Baycrest guides Canadians to better brain health

A new campaign aims to solve a gap in education by showing that aging is not something to be feared.

Despite near-unanimous calls to improve dementia care, Canadians still don’t know what resources they need to turn to in they want to learn about brain health.

Baycrest, a hospital and research centre focused on elder care, is looking to change that, positioning the aging process as something that should be embraced, rather than feared.

The “Fear No Age” campaign features a common metaphor about being cast adrift brought to life: a man with Alzheimer’s dementia finds his bed surrounded by water, bobbing up and down in a vast ocean, before a lighthouse appears as a beacon of hope.

“Despite aging being an inevitable part of life, Canadians are often unsure about appropriate resources to help them make informed decisions about their brain health and aging, and about being a caregiver to their loved ones,” says Josh Cooper, president and CEO of Baycrest Foundation. Cooper tells strategy that, since Baycrest is a leader in research, it has been looking to get Canadians to think differently about aging.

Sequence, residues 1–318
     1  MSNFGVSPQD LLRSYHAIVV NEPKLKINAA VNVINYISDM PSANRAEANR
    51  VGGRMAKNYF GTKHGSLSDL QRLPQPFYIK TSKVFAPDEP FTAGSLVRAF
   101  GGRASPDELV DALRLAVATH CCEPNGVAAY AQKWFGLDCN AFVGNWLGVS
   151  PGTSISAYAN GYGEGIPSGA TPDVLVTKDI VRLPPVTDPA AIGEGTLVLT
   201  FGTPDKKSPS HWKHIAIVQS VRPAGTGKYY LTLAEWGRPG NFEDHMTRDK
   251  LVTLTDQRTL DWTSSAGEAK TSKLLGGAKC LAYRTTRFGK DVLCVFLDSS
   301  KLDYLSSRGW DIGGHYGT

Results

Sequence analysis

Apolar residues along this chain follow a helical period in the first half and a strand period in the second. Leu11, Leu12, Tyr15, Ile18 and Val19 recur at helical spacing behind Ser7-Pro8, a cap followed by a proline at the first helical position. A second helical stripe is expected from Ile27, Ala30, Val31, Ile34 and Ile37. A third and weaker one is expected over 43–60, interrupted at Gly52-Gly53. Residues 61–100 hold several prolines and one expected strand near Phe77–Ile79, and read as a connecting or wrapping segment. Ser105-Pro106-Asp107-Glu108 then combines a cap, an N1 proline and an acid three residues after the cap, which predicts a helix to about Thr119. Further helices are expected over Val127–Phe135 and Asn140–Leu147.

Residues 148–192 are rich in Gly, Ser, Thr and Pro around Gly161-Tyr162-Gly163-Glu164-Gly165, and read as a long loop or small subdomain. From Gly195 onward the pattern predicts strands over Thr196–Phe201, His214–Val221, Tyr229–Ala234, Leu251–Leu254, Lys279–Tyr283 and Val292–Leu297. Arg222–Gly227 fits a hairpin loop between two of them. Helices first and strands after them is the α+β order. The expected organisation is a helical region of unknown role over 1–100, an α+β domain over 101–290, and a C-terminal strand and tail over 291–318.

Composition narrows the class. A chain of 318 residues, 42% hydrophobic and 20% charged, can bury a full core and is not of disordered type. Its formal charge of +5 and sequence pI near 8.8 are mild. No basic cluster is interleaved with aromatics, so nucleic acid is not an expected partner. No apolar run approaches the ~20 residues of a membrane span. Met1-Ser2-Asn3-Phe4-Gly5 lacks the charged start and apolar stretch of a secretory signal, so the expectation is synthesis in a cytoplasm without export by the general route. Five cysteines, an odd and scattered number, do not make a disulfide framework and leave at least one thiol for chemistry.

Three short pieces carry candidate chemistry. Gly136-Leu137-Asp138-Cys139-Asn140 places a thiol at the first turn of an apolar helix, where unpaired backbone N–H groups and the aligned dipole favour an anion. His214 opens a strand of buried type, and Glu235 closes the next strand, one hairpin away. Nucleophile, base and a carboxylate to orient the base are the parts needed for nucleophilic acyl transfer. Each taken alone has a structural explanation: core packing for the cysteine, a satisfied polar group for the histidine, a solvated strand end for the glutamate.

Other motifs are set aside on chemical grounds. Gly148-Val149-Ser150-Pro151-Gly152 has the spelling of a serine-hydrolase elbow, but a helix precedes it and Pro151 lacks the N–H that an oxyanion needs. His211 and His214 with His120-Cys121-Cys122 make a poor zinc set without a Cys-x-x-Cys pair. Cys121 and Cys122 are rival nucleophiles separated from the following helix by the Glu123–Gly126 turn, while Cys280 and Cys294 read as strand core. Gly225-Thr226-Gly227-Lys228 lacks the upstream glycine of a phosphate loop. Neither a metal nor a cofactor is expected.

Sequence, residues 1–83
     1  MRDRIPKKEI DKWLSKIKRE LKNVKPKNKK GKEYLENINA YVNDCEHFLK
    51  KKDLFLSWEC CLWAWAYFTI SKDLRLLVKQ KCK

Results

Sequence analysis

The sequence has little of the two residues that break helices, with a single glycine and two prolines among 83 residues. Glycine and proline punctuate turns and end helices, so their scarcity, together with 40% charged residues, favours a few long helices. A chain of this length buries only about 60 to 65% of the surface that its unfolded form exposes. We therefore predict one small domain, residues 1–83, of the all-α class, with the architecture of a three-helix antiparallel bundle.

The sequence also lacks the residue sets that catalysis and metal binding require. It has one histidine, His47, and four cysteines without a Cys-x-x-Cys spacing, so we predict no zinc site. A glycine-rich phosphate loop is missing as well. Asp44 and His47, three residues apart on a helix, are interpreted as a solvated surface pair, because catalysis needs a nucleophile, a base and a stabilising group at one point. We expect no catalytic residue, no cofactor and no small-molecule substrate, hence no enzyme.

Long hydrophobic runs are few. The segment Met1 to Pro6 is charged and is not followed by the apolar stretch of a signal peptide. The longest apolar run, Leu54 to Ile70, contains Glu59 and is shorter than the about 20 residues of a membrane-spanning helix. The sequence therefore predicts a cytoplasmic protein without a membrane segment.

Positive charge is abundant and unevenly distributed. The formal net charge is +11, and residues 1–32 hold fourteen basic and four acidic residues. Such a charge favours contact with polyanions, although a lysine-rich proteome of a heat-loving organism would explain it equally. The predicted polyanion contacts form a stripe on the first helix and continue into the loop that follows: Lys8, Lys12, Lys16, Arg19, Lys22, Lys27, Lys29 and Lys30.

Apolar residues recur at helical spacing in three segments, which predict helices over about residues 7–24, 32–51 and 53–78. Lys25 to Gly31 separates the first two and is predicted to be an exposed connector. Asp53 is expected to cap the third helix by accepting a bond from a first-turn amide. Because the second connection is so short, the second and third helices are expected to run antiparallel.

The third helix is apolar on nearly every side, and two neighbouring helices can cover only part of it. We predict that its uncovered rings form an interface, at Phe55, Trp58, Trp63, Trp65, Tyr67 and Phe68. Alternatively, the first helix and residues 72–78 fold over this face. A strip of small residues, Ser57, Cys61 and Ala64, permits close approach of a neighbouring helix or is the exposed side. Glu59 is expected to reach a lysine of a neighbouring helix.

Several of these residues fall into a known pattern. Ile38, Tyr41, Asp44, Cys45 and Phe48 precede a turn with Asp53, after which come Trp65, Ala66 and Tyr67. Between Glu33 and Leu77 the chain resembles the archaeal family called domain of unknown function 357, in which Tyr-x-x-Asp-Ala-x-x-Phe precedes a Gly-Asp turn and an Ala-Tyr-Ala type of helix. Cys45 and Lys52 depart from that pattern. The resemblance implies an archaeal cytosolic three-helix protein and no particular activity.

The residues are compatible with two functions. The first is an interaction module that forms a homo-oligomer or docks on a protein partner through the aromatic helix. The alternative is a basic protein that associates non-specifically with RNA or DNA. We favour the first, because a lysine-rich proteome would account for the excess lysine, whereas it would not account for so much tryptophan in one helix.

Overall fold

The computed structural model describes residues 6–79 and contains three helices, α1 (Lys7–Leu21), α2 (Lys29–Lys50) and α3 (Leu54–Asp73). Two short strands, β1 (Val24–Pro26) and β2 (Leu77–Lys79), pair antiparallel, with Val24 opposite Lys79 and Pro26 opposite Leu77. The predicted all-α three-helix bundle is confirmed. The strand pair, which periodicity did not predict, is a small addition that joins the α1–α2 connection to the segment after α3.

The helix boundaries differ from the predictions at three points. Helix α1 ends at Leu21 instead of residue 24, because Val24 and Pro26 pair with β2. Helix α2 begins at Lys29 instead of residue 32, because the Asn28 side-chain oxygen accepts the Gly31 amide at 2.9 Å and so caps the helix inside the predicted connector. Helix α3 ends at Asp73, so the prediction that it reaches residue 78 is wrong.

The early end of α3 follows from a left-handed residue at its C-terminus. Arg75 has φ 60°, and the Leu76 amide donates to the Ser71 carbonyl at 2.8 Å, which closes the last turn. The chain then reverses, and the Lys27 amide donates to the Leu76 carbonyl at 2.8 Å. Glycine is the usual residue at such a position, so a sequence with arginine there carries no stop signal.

The campaign is informed by the disconnect between the importance placed on improving dementia care amongst the 45-plus set (94%), and the fact that less than one in five people are confident in their knowledge about preventing dementia (23%).

“We can all relate that growing old can be a scary thing, and there are all sorts of stigmas associated with it: deteriorating, fragility and loneliness,” Cooper says.

Cooper says there’s no time like the present to call out brain health and dementia as, by 2031, there are expected to be one million Canadians living with the condition. Currently, about 80% of Baycrest’s long term care residents are living with dementia.

The campaign includes a push to bring on more monthly donors. Monthly giving is what a lot of organizations are pushing for now, Cooper admits, as it allows for better planning of longer term growth. And according to Cooper, the “Fear No Age” platform is going to have legs as part of Baycrest’s messaging going forward.

The media mix is roughly one-third TV, half digital and social and the rest in print, because for this campaign, Boomers are the primary target, and it’s a group that is still reliant somewhat on print media, though their media habits are evolving.

Similar to all Baycrest initiatives, the campaign will be integrated into the Brain Project event’s strategic direction, messaging and exhibits.

BBDO Canada once again handled creative with Hearts & Science on media, and Hill+Knowlton Strategies on media relations.